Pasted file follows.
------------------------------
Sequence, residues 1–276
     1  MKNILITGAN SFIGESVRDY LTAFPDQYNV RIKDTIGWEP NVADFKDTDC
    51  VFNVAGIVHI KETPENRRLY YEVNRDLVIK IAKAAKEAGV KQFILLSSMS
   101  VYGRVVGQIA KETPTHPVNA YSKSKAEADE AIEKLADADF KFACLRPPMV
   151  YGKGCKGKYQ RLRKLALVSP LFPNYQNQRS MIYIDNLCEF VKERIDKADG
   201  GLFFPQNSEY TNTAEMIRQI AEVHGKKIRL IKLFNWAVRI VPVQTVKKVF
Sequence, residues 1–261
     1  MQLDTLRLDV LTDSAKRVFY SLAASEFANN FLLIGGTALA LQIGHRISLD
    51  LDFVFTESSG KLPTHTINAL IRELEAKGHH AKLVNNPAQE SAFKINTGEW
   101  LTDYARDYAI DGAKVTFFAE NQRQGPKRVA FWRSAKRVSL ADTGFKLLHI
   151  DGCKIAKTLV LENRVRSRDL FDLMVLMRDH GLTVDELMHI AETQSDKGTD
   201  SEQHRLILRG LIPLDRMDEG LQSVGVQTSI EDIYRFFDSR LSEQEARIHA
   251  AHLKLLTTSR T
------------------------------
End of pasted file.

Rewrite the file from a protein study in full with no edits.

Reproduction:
Sequence, residues 1–276
     1  MKNILITGAN SFIGESVRDY LTAFPDQYNV RIKDTIGWEP NVADFKDTDC
    51  VFNVAGIVHI KETPENRRLY YEVNRDLVIK IAKAAKEAGV KQFILLSSMS
   101  VYGRVVGQIA KETPTHPVNA YSKSKAEADE AIEKLADADF KFACLRPPMV
   151  YGKGCKGKYQ RLRKLALVSP LFPNYQNQRS MIYIDNLCEF VKERIDKADG
   201  GLFFPQNSEY TNTAEMIRQI AEVHGKKIRL IKLFNWAVRI VPVQTVKKVF
Sequence, residues 1–261
     1  MQLDTLRLDV LTDSAKRVFY SLAASEFANN FLLIGGTALA LQIGHRISLD
    51  LDFVFTESSG KLPTHTINAL IRELEAKGHH AKLVNNPAQE SAFKINTGEW
   101  LTDYARDYAI DGAKVTFFAE NQRQGPKRVA FWRSAKRVSL ADTGFKLLHI
   151  DGCKIAKTLV LENRVRSRDL FDLMVLMRDH GLTVDELMHI AETQSDKGTD
   201  SEQHRLILRG LIPLDRMDEG LQSVGVQTSI EDIYRFFDSR LSEQEARIHA
   251  AHLKLLTTSR T